Smoke Plume Trajectory From In Situ Burning of Crude Oil in Alaska: Field Experiments and Modeling of Complex Terrain.
Smoke Plume Trajectory From In Situ Burning of Crude Oil
in Alaska: Field Experiments and Modeling of Complex
McGrattan, K. B.; Baum, H. R.; Walton, W. D.; Trelles,
NISTIR 5958; NIST SP 995; Volume 2; 135 p. January
Sponsor:Department of the Interior, Washington, DC
Alaska Department of Environmental Conservation, Juneau,
Available from: National Technical Information Service
(NTIS), Technology Administration, U.S. Department of
Commerce, Springfield, VA 22161.
1-800-553-6847 or 703-605-6000;
Order number: PB97-140560
crude oil; oil spills; in situ combustion; pool fires;
smoke; fire plumes; smoke movement; in situ burning
A combination of numerical modeling and large scale
experimentation has yielded a tremendous amount of
information about the structure, trajectory and
composition of smoke plumes from large crude oil fires.
The model, ALOFT (A Large Outdoor Fire plume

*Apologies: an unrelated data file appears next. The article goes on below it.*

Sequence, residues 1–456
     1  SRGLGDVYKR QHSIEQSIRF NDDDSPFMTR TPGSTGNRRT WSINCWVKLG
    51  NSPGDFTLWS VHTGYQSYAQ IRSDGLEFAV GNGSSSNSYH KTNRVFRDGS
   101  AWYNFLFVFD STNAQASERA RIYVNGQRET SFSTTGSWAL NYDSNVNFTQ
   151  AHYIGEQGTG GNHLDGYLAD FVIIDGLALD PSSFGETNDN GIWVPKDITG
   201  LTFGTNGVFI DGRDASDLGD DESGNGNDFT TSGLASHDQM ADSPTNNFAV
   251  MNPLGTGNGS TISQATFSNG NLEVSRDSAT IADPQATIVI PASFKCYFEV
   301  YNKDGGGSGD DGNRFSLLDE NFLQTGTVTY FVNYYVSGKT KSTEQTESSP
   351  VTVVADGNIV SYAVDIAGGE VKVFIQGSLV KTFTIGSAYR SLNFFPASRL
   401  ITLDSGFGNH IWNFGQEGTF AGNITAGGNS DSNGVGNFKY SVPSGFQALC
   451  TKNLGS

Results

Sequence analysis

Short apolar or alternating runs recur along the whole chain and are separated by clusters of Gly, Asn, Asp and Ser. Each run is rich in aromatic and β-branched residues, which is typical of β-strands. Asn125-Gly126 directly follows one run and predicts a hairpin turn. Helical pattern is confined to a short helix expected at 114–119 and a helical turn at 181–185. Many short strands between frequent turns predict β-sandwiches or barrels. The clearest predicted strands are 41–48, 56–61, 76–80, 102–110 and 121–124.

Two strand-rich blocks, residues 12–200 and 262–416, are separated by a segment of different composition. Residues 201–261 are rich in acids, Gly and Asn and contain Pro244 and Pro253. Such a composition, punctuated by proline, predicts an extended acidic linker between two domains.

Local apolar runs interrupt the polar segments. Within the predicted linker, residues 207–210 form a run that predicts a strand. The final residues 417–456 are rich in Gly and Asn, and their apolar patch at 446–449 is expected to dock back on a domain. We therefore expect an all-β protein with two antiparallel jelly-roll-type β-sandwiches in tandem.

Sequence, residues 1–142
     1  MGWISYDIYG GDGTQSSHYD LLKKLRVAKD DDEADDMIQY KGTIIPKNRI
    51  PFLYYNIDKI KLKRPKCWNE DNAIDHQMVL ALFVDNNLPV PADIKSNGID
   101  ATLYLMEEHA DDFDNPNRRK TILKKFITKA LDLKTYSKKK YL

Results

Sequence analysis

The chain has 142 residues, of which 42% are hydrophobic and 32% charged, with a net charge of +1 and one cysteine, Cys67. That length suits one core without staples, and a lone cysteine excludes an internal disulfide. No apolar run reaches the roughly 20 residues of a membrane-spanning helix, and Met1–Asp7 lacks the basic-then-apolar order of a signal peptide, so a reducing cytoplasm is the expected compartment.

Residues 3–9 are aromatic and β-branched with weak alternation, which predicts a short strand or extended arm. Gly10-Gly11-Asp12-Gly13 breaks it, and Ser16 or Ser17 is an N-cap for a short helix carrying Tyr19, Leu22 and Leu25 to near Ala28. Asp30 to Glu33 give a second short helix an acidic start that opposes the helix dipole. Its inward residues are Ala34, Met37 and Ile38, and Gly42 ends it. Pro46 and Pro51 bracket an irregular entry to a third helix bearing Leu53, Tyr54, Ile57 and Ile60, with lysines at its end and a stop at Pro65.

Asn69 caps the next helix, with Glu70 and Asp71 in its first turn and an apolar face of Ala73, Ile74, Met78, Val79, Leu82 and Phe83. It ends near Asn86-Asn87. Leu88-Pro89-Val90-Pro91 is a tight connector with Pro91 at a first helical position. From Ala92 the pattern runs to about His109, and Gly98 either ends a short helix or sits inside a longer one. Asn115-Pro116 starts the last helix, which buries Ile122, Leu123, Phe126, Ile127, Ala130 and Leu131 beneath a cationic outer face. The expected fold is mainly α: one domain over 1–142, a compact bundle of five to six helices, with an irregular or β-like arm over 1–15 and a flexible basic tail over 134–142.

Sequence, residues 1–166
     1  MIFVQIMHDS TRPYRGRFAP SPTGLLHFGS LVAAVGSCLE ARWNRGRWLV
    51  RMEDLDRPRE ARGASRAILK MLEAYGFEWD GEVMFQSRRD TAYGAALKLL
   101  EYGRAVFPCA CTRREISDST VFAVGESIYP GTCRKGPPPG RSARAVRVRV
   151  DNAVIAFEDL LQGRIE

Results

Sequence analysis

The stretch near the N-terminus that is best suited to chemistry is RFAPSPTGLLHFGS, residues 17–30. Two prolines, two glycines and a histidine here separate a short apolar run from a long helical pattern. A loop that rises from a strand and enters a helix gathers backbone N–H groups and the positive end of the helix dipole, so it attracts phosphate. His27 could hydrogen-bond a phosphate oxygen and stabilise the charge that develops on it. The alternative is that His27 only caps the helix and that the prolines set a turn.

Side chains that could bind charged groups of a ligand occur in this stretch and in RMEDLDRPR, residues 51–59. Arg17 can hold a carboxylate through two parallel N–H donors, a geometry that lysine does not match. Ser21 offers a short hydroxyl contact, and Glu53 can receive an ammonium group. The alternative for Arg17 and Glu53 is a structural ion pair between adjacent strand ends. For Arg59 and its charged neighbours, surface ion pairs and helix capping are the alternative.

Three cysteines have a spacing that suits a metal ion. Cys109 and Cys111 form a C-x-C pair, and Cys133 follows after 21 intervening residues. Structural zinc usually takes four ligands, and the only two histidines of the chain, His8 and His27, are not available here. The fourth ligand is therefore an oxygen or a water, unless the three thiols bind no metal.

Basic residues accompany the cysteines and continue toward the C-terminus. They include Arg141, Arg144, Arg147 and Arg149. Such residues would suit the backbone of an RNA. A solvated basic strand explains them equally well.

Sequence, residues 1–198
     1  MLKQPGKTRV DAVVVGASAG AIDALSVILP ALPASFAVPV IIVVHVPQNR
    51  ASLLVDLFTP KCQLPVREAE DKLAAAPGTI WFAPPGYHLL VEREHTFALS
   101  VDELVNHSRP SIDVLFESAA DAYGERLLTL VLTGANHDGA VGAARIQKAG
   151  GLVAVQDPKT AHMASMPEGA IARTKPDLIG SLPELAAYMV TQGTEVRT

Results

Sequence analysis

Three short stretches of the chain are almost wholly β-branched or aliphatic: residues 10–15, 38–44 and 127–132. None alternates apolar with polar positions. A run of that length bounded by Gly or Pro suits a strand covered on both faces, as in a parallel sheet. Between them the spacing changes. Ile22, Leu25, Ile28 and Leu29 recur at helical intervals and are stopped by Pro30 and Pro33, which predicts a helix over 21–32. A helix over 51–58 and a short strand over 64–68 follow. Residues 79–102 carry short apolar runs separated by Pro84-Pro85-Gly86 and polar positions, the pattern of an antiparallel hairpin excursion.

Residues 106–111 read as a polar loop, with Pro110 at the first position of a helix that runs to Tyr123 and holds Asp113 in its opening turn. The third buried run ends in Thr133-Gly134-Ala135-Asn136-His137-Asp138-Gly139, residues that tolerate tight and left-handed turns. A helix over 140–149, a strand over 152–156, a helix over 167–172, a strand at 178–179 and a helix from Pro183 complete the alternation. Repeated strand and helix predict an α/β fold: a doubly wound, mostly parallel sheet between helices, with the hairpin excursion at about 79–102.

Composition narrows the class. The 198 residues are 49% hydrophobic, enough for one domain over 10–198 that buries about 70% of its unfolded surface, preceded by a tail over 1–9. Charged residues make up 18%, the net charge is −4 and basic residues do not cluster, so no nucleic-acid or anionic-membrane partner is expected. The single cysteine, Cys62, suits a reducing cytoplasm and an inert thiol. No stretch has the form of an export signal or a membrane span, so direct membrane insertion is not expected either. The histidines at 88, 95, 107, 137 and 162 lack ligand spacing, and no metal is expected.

Trajectory), is based on the fundamental conservation
equations that govern the introduction of hot gases and
particulate matter from a large fire into the
atmosphere. Two forms of the Navier-Stokes equations
are solved numerically - one to describe the plume rise
in the first kilometer, the other to describe the plume
transport over tens of kilometers of complex terrain.
Each form of the governing equations resolves the flow
field at different length scales. Particulate matter,
or any non-reacting combustion product, is represented
by Lagrangian paticles that are advected by the
fire-induced flow field. Background atmospheric motion
is described in terms of the angular fluctuation of the
prevailing wind, and represented by random perturbations
to the mean particle paths. Results of the model are
compared with three sets of field experiments.
Estimates are made of distances from the fire where
ground level concentrations of the combustion products
fall below regulatory threshold levels.